Raising Money From Venture Capitalists

Posted: April 28, 2010 in Entertainment, Research, Websites
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Our last ‘Introduction to Online Communities’ class was held on Monday, April 26, 2010 at Clearstone Venture Partners in Santa Monica. Former USC grad and Managing Partner William Quigley talked to us about venture capital and the best way to get it for a startup. As with our other guest speakers throughout the semester, William shared great insight on what I call the business of money and the Internet.

I think the most important advice he gave to us was about the role entrepreneurs play in a potential startups. He said that there are three types of entrepreneurs: a starter, a builder and a maintainer. The smart entrepreneurs know which category they fall into and once their part in the startup in one of these roles is completed, then they move onto the next project.

William also gave us great advice about how to stand out in the VC process. We need to look for trends developing rather than go after what is hot today. By the time our sites are completed down the road, what is hot now probably won’t be hot when the sites are launched. William said that we need to be in the space two years before it becomes hot.

It’s getting harder and harder to find original ideas since there are only a few companies in the world conducting true research. The only companies doing research are sales-based companies, so they can find out what makes us buy products.  I think this is truly incredible since companies are spending millions of dollars on their marketing efforts. Just think how much money companies would save on their advertising costs if they did a basic research project for about $25,000 and tested marketing messages in focus groups before they released the campaigns. The results would show if their marketing messages had the potential for success, and if they needed to make any changes before the campaign’s release.

William also talked about vision. If you’re going to start a new business, you have to have a clear vision on what you want to accomplish. He said that no idea is too big to fund if you have a vision. Demand Media raised $50 million on a business plan, because they had a vision. You must have an idea about what the market will look like in three years and how your business will fit into that market.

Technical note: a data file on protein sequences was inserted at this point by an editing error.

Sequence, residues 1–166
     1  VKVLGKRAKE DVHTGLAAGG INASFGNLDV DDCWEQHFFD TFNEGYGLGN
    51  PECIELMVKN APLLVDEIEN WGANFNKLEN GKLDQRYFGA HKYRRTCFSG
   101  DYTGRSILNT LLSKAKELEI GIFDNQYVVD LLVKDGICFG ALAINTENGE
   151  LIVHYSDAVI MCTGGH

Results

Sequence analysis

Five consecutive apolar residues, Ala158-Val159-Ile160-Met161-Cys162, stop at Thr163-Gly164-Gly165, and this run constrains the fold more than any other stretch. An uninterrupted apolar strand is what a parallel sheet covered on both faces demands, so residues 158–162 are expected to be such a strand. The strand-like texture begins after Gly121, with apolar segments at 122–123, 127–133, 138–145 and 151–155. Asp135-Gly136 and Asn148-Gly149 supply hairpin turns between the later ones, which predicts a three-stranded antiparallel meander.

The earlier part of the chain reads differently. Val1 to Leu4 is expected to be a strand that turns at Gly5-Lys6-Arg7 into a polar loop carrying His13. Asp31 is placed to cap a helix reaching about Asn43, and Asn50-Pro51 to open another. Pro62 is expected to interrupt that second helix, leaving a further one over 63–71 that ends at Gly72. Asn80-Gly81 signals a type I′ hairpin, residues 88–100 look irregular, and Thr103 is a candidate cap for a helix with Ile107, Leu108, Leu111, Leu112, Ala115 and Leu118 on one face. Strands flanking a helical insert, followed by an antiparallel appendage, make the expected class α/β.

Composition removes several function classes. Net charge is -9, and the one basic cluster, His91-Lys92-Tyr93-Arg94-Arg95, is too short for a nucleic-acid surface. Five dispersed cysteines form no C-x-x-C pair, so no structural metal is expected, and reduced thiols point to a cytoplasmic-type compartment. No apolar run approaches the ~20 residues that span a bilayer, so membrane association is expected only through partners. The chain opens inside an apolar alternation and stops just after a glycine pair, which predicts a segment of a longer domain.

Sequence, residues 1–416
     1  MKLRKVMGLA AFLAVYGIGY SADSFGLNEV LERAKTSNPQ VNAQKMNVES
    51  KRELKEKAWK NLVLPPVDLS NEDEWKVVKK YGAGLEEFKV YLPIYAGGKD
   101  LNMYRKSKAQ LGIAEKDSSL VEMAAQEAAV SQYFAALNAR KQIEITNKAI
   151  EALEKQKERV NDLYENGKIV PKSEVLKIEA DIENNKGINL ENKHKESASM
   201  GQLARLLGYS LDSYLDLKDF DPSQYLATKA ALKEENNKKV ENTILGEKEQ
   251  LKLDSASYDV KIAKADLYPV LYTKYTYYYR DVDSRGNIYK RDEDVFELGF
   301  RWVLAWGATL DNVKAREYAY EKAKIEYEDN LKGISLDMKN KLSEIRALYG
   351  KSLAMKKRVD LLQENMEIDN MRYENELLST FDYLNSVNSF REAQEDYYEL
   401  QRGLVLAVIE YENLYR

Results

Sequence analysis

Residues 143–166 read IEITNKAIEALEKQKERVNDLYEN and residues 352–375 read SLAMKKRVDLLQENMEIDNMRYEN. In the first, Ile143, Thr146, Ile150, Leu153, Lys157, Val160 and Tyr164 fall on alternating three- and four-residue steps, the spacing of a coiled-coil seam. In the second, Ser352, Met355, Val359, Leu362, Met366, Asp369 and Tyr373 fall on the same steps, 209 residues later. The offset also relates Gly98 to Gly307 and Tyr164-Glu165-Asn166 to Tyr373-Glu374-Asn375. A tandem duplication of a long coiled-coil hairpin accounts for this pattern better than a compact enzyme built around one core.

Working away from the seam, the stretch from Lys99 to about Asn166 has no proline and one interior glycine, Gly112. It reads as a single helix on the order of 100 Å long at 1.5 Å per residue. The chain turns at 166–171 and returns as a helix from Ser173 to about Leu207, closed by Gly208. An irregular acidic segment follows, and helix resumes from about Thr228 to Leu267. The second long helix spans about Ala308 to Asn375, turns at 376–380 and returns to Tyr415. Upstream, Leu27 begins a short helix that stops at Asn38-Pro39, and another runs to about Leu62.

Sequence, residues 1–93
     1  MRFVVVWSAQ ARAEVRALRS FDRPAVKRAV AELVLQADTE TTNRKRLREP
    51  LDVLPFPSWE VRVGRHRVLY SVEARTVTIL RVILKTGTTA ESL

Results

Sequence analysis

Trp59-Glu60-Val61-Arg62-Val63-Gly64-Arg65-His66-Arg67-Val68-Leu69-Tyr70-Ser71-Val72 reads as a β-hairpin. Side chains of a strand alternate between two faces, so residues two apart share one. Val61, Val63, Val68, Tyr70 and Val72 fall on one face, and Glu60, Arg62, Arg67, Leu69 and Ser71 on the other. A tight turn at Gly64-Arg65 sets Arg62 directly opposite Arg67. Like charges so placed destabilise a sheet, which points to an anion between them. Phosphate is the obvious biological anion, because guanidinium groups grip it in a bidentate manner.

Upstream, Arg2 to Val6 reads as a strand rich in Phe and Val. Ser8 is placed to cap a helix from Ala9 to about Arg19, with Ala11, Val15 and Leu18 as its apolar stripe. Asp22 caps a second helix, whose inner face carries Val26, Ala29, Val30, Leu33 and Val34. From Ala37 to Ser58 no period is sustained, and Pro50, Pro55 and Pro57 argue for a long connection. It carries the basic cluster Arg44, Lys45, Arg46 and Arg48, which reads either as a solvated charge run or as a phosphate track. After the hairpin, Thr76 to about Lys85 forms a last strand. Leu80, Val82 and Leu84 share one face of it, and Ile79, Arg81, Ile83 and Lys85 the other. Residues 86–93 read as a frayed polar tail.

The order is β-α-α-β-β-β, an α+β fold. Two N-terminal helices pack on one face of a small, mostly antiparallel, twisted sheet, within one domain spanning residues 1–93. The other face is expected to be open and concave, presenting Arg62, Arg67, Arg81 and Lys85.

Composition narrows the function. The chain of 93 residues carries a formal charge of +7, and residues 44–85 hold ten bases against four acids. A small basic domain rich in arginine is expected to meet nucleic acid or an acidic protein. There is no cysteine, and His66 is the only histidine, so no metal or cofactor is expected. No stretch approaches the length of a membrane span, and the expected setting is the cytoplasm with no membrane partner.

William gave us some tips on what we should do when making a presentation to venture capitalists:

  • Know as much as you can about your competitors and know how you’re going to be different.
  • 75% of the presentation is entertainment. Be informed and excited about your pitch.
  • Share predictions of the marketplace where your business will exist.
  • Find trends and share with investors.
  • Be a great spokesperson for your company. Get in front of people and practice your pitch.
  • Be capable of dealing with setbacks.
  • Be informed about the space. The potential investors will do the due diligence, and you don’t want to be in a meeting where the investors tell you about competitors that you didn’t know existed.
  • Use charts in your presentations, especially when presenting the economics of your business.

You must be right twice about when you launch a business.  William said that you have to be right about 1) your three-year predictions about what will happen and 2) the timing of those predictions. If you hit those two elements, you’ll have a successful venture, and everyone will make money.

If you’d like to know more about William Quigley, check out his blog.


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